I have spent many hours this week just watching the water. I’m watching the boats and the cars, the “self-walking” dogs and the people, too, of course. But mostly I watch the water.
The tide doesn’t roll in here on the Ria Formosa. (Sorry, Otis.) It creeps in, it seeps in. It subtly edges into the conversation until you realize that all the boats that had been high and dry are bobbing and swaying.
And then it slowly reverses, leaving languid tidal pools and thousands of skittering crabs.
The bakery next door was closed on Monday. Maybe it was a holiday; maybe it is closed every Monday. I won’t know until next week. I do know the waitress rides a scooter and works a twelve hour shift. I watch her come and go.
The ferry comes and goes about every half hour. It takes people around the island to the beaches on the other side, fronting the Atlantic. If you miss it, it will be back soon enough.
There are moments when there are no cars, no boats, no people—just the gulls fighting over an unlucky crab. Then a truck honks a friendly greeting to an old man on a bicycle and he gives a wave and a smile. And they pass in front of me, going in opposite directions.
And the tide is creeping up.
The weekend was much busier—a hint of what the summer months will be like when all the tourists arrive. There was a steady stream of cars and people. Bicycle Boys (men really) in teams of six or four, or sometimes just two in their matching spandex and cleated shoes, stopping for a coffee at the bakery. A constant coming and going. But today it is quiet.
Eventually, the restaurant below fills with its regulars; a constant flow of patrons in and out. Today I chat—in English—with a man from The Netherlands. He speaks many languages; we speak in English. I tell him I am trying to learn Portuguese so he won’t think I’m a totally ugly American. He wouldn’t anyway. He is friendly and open. He says he will give me the low down on the happenings in town.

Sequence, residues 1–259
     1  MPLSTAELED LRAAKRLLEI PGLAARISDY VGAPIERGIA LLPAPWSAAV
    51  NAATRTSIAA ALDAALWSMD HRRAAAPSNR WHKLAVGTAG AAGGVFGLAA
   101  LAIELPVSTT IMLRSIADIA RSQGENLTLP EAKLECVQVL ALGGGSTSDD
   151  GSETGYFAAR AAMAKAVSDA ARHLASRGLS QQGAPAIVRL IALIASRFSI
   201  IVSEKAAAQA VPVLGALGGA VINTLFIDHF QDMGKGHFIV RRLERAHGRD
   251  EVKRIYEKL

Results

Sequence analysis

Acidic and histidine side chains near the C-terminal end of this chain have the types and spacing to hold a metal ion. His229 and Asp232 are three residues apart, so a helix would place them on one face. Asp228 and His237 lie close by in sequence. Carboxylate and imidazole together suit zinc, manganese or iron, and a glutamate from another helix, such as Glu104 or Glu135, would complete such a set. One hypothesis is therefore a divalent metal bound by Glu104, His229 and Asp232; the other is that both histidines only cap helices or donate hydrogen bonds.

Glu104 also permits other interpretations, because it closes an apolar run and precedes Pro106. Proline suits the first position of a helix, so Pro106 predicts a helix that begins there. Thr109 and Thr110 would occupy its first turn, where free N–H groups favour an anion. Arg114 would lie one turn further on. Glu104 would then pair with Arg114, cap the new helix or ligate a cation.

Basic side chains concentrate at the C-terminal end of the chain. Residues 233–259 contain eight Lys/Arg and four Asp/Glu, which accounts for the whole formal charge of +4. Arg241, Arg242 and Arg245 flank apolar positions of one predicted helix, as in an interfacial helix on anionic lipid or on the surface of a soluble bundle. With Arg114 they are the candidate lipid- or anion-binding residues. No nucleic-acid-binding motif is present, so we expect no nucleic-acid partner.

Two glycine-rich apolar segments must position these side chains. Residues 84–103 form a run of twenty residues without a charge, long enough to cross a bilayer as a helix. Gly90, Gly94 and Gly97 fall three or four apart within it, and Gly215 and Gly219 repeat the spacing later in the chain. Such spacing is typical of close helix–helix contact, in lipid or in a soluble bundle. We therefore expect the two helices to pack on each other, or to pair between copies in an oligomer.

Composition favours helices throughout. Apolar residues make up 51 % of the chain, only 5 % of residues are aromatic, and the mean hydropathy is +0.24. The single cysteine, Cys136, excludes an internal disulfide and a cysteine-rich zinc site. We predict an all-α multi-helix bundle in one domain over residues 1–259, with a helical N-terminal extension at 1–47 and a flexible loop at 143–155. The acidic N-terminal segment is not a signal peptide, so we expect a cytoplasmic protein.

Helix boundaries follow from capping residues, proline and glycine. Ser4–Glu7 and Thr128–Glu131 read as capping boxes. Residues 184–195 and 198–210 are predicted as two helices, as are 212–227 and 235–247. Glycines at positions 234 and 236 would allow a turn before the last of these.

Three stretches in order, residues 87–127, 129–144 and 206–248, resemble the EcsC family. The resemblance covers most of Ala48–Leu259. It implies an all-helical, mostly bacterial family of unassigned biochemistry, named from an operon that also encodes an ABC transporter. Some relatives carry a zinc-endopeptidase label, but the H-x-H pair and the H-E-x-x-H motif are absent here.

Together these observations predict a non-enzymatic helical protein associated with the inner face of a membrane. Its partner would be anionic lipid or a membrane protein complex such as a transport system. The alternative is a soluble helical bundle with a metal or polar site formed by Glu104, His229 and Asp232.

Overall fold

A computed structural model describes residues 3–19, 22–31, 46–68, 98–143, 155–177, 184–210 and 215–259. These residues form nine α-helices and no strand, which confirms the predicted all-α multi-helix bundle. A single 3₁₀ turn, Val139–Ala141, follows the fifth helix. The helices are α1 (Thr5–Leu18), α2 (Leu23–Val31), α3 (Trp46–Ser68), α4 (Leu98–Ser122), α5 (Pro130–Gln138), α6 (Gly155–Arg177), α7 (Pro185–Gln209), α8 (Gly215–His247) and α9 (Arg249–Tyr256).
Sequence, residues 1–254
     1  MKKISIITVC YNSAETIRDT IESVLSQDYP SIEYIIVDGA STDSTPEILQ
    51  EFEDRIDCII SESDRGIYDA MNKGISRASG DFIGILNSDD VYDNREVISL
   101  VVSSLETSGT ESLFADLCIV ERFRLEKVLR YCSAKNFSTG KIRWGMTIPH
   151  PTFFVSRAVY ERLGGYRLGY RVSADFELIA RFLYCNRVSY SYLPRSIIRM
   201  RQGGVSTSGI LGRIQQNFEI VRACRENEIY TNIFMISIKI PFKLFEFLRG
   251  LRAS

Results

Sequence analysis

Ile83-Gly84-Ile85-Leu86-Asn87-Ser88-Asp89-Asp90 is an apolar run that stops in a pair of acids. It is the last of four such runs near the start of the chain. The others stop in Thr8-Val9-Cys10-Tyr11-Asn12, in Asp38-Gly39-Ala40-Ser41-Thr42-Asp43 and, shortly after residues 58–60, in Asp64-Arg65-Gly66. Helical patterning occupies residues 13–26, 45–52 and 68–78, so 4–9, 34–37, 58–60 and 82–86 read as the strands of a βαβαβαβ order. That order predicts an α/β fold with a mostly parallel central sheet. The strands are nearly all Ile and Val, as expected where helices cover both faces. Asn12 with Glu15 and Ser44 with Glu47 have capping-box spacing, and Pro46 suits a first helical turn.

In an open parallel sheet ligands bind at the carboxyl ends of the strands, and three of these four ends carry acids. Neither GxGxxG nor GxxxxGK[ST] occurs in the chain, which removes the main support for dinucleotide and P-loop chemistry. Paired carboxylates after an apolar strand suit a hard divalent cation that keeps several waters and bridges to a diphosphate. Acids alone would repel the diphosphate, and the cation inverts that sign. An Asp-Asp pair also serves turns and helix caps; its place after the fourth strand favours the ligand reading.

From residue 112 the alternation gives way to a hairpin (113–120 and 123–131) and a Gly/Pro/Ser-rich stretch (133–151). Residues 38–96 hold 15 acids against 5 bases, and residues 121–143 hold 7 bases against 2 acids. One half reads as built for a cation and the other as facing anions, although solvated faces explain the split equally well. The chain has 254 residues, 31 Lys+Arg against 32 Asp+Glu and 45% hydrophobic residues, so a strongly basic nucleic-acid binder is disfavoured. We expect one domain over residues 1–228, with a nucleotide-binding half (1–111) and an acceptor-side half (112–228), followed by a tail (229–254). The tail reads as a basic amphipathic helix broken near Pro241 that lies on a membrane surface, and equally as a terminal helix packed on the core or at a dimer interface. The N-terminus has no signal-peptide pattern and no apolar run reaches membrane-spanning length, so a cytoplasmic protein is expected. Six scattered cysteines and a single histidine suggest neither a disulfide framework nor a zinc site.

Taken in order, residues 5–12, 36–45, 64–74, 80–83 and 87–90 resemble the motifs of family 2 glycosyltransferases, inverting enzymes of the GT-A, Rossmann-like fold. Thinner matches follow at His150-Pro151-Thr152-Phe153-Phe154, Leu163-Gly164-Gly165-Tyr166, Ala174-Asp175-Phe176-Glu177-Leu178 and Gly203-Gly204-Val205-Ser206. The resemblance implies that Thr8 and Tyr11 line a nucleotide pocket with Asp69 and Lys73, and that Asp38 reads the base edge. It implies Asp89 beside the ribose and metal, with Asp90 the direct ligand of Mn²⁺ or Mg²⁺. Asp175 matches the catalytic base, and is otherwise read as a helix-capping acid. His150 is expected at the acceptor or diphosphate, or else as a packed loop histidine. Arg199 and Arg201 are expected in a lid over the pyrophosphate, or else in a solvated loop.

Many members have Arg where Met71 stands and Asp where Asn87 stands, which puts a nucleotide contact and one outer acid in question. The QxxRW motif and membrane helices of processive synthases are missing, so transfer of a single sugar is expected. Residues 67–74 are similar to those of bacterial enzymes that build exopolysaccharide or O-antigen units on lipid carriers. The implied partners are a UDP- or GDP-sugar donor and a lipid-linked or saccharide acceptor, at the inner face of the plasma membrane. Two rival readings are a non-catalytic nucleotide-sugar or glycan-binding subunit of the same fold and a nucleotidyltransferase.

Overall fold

He has many questions about how I came to rent the apartment. He says it is hard to find annual rentals; I may have one of the very few available in town. I realize how lucky I am to have found this apartment. Summer season is when Portuguese landlords and everyone else who caters to tourists make their money. Most want to lease their places out from October to May and take advantage of the higher rates they can charge the tourists from June through September. I still worry that my lease contains some sort of trick clause, that I missed something. But, so far, so good.
The five hour time difference between here and the US East Coast gives me a respite every morning. I can ease into my days. I don’t have to “hit the ground running.” I don’t have to hustle and grind. In fact, that might be frowned upon here. I don’t know.
There’s no moral here, no takeaway. At least not yet. It’s just a glimpse into what my days are like here. I walk in the mornings, drink coffee on the balcony looking out at the water. I watch the people and the tide. And I work, of course. Zoom meetings, emails, social media posts. And writing. Always writing. And as I write this for you, I am only now realizing how close my days here match the “dream day” I wrote out for myself over a decade ago. (Admittedly, I imagined there would be more money. A LOT more money.) I wrote that I wanted to live in a house overlooking the water, walk the beach, and write for a living. There were more specifics, of course. But those were the major points. Every day I get closer to that dream day. I am edging into it, slowly, like the tide.